Theatre, music and improvisation
The potential for improvised performance between actors and musicians is enormous. Not the least of several pitfalls and obstacles however, is a basic mistrust on the part of the actor to the whole question. This is not surprising since the actor has reason to know better than anyone the dangers of relying on spontaneity or leaving things to chance. Obviously, improvisation as a technique for performance cannot get very far if it is simply another way of saying ‘let’s see what happens’. Traditionally, improvisation where actors are concerned is very much a means to an end; a rehearsal technique. Once written, these documentary and improvised plays are structurally like any other; improvisation has been limited to being another approach to writing the script.
Does the actor have to become a dancer to work with music? The key lies naturally with movement, and so in the relationship of the performer to his own body. In dance, physical expertise is supremely important and is the medium through which the choreographer evokes and suggests his theme. The actor however, although physical skill may be just as important, has to concern himself with motive. One crucial difference between the dancer and the actor in this respect seems to be the use of the eyes; it could be called the difference between gazing and looking. The eyes of any actor can often be the key to the state of the whole and through them we learn of a whole gamut of emotions from joy through to despair. Interestingly enough, what makes some dance companies particularly exciting is the way the performers’ eyes play a more important role, using them to bring characters and situations into the dance.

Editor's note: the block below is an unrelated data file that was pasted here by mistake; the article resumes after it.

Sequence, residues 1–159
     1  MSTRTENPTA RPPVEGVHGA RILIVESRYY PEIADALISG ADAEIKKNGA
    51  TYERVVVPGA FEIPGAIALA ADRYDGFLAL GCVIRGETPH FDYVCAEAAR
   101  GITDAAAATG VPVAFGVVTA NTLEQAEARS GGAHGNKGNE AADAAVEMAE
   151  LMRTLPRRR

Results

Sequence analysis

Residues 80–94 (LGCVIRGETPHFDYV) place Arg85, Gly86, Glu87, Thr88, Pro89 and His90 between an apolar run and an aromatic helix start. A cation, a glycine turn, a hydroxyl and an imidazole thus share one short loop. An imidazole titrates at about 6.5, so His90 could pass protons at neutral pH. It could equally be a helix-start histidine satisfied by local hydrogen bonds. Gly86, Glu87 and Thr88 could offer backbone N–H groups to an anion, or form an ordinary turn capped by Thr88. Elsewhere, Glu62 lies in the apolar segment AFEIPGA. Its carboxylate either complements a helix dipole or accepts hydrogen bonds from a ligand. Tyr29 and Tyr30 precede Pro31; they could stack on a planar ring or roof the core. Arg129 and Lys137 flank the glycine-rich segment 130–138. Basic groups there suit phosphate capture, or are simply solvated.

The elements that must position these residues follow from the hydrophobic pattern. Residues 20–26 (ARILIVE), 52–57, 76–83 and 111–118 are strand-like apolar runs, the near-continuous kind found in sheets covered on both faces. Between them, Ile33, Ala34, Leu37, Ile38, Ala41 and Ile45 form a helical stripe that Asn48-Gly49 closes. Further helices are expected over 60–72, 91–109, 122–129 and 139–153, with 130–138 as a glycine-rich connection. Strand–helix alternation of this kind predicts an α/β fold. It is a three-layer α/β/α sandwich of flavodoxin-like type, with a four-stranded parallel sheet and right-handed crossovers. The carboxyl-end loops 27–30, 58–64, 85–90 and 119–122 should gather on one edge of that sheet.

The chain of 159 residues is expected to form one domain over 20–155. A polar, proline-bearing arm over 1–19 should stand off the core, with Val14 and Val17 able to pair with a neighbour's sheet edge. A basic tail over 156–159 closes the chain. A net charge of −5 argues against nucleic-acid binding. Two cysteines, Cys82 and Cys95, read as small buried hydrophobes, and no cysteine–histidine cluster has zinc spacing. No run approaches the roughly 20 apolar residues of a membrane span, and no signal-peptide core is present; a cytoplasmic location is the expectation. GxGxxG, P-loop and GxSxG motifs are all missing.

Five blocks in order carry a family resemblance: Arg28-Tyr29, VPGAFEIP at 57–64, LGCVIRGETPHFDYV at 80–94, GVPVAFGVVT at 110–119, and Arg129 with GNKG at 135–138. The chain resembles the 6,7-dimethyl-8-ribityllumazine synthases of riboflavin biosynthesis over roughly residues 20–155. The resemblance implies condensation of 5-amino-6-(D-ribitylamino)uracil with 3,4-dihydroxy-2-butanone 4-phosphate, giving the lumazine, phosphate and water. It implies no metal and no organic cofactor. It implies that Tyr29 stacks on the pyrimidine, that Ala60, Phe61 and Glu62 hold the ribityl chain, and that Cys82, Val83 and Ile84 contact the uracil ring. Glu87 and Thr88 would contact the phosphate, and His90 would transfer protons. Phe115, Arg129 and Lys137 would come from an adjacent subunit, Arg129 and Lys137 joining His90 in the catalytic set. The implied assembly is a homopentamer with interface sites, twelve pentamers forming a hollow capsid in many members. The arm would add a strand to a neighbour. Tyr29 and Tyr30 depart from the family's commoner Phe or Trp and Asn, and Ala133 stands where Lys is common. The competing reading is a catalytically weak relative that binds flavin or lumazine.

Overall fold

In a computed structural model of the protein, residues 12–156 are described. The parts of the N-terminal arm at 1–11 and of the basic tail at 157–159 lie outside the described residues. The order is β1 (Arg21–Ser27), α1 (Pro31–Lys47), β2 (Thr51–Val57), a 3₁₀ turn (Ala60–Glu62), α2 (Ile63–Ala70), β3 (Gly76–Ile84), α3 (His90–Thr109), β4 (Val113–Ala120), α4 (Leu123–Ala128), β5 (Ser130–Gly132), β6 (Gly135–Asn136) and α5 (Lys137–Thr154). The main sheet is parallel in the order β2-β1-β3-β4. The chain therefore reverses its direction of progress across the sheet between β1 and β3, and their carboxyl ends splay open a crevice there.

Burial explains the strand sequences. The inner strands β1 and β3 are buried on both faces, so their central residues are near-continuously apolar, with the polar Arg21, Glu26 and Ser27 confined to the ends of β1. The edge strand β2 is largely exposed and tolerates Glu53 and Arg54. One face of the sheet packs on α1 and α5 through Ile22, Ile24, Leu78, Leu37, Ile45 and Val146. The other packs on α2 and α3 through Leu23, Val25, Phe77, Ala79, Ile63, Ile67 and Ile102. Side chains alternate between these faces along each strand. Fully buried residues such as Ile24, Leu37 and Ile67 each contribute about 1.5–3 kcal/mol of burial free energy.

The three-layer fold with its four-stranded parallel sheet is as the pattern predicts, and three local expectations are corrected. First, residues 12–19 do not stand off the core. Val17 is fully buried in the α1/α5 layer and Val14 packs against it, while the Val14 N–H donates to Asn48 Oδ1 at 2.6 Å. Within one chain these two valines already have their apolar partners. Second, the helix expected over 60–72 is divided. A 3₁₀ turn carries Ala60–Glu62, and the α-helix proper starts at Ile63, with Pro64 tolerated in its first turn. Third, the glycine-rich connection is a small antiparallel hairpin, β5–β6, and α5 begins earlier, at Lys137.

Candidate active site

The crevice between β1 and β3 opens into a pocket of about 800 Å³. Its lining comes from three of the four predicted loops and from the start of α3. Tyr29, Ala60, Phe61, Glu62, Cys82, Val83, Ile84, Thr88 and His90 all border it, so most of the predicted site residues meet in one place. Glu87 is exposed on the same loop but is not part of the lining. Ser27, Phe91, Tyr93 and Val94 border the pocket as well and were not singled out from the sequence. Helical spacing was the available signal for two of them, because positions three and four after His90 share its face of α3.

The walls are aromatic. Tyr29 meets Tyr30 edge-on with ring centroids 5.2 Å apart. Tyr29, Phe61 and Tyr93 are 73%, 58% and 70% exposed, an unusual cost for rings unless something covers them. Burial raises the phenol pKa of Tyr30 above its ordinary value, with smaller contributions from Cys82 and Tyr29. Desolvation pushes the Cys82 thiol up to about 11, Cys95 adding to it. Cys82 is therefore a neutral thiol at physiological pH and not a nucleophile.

Improvisation between actor and musician cannot be left solely as a question of movement and music. The actor cannot abdicate from the responsibility of bringing to life whatever lies behind his eyes. Music can make us laugh and cry as well as frighten us, and so the actor cannot abandon emotional reality in favour of a series of physical gestures. In other words he must not reverse the conventional roles and become an accompaniment to the music. The performers must all be creative partners; the actor must make us laugh and cry, he must horrify and uplift us. The need, therefore, is for a different approach to the organisation, purpose and projection of the actor’s skill in performance; an approach that puts the sound of the voice, the spoken word, gestures and movement into a form that both requires and enhances the power and beauty of music.
Examples of a truly integrated theatre of this kind are very rare; they require the special talents and aspirations of performers who see in the other art form only the illusion of separateness, and who, tired of the morass of contemporary ‘abstract’ work, seek to re-discover the emotional presence in music, and what I can call the harmonic tone in theatre. The American composer Harry Partch has given the name ‘corporeal’ to this kind of music, and corporeal music has no instrumentalists; actors and musicians cannot separate and fix roles rigidly. Talking about his theatre piece ‘Delusions of the Fury – a ritual of dream and delusion’, Partch has this to say about roles, ‘The concept of this work inheres in the presence of the instruments on stage, the movements of musicians and chorus, the sounds they produce, the actuality of actors, singers, of mime, of lights, in fine the actuality of truly integrated theatre.’